NFP Prospect Focus: Jake Fisher and A.J. Cann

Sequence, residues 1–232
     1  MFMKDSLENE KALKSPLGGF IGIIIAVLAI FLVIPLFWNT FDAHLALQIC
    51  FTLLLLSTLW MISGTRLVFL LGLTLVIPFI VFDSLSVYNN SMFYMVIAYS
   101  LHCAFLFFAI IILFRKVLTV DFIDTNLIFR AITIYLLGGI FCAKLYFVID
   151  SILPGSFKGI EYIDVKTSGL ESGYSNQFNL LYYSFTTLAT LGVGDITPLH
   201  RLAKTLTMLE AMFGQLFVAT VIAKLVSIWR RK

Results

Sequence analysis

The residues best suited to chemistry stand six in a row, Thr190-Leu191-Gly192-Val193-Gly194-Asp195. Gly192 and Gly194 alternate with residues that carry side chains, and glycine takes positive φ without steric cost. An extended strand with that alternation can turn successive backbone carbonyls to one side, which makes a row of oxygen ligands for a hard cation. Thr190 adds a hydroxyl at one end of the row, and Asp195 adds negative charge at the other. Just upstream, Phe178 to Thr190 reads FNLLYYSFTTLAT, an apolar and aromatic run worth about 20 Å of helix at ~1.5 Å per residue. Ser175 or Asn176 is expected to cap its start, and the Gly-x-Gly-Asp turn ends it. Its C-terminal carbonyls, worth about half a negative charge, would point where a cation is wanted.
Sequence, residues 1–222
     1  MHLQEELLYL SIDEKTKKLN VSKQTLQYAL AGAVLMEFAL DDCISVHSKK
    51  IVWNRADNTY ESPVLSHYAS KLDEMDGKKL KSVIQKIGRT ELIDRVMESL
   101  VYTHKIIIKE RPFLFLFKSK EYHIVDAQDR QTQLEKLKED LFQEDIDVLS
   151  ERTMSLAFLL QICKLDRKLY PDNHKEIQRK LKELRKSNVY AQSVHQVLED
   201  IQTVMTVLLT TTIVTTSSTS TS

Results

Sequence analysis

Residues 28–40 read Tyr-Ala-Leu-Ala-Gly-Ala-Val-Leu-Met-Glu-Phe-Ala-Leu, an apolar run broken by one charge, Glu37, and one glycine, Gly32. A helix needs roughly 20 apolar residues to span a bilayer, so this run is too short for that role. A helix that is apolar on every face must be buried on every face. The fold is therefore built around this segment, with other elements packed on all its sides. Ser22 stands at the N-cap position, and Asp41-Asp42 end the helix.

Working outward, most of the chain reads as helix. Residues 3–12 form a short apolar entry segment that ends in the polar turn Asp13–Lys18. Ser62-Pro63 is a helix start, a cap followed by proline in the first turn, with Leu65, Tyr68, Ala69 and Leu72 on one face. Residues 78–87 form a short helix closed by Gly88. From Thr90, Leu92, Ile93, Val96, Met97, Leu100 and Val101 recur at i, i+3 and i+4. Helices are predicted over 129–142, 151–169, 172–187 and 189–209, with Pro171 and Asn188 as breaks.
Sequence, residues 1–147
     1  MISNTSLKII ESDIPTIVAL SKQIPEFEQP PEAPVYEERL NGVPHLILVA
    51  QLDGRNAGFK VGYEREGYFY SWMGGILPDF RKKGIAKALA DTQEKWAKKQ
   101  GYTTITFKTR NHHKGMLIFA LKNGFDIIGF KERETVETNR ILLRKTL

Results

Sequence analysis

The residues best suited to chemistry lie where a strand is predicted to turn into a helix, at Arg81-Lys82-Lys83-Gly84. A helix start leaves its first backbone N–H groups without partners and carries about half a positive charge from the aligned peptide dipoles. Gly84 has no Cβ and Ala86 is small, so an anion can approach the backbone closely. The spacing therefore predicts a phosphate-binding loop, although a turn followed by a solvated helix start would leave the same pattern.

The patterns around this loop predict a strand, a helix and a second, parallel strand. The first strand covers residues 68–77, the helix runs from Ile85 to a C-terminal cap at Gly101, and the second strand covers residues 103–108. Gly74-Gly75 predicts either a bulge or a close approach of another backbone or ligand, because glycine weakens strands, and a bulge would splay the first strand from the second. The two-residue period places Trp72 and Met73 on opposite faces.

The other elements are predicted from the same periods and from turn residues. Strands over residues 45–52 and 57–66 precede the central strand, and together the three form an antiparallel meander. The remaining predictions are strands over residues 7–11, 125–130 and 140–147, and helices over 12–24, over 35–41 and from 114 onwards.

As we all know, offensive tackles are always looked at as premium prospects. They are the primary pass protectors on the offensive line. It wasn't until the last few years that guards were also looked at as premium draft selections. Why? Defensive coordinators, in order to create mismatches, started using better pass rushers inside in the sub packages. When guards were scouted, run blocking was always the most important specific that was graded. That is no longer the case and because there are better pass rushers inside, the guards have to become better pass protectors. Not only are the top guards drafted higher than they used to be, but once they reach the NFL they are getting paid at a higher rate. Today we will take a look at two offensive lineman who should go fairly high in next month’s draft. Jake Fisher from Oregon is a left tackle and South Carolina’s A.J. Cann is one of the better guards available. Jake Fisher – Oregon During the college season, Fisher wasn’t getting much publicity as a top offensive line prospect. Since the season ended, his value has shot up. I think one of the reasons is that once the coaches got involved in the process, they saw more to Fisher's game than some scouts did. At 6’6 – 308 he has idea height with good length (33 ¾” arms). His frame is a bit on the narrow side, and I don’t see him getting bigger than about 315. He has good upper body strength (25 reps of 225), but he doesn’t have the really thick lower body that some coaches want. As an athlete, he tests out as well as any tackle in this draft. He ran 5.01, had a 32.5” vertical jump and his agilities were 7.25 and 4.33 respectively. He has quick feet and is a natural bender. When you watch tape, it jumps out that he is very well coached. He has very good snap reaction, keeps his back straight in pass protection, and does an excellent job using his hands. Right now, he is a better pass blocker than a run blocker because of his punch and the way he can mirror opponents. He is light on his feet and reacts quickly to keep good position versus counter moves. He needs to improve his run blocking. While he has some snap in his hips on contact, his smaller lower body just isn’t as powerful as some of the bigger guys. He gets stalemated at times and isn’t consistent with getting movement. He is good at getting to the second level because of his athleticism and his ability to adjust on the move. I see his best fit as a left tackle in a zone scheme. He needs to get bigger and stronger, and he will once he gets involved in an NFL weight program. The player he reminds me of from an athletic and size point of view is Lane Johnson who was the fourth overall pick in the 2013 draft to the Eagles. While he isn’t as talented as Johnson was he has the same type of game. It wouldn’t surprise me if Fisher went in the lower part of the first round, but I feel it is more likely that he goes in the early second. SCOUTING BOOT CAMP IS COMING TO CHICAGO THIS MAY! REGISTER FOR THE LIVE SEMINAR OR WEBINAR! A.J. Cann – South Carolina Cann has very good guard size. He measures 6’4- 313 at the combine and has the frame to carry 320. While he didn’t work out at Indy, he did lift and did 26 reps which is equivalent to a 407 pound bench press. The South Carolina pro day isn’t until next week, so we will find out more about Cann’s athleticism then. As a player, Cann is impressive on tape. He is a four year starter at the guard position. In the run game, he gets off the ball quickly and stays low. He shows power on contact and is consistently able to generate movement with run blocks. He uses his hands well while run blocking and takes good angles to the second level. He plays with the athleticism to get out in space and adjust on the move to make a productive block. In pass protection, he is effective but needs to use his hands better. He can bend and move his feet, but can get lazy with his technique and overextend at times. He also fails to consistently keep his hands inside. When he pays attention to detail, he shows he can mirror and anchor and does a good job reacting and adjusting to blitzes. Overall, he has all the natural tools to excel at the guard position in the NFL. He just needs to be more consistent with his technique. While a player can get by on natural talent at the college level, that won’t happen in the NFL. If he doesn’t pay close attention to detail, an experienced defensive lineman will eat him up. This player has talent, and I can see him going in the second or third round. Follow Greg on Twitter @greggabe

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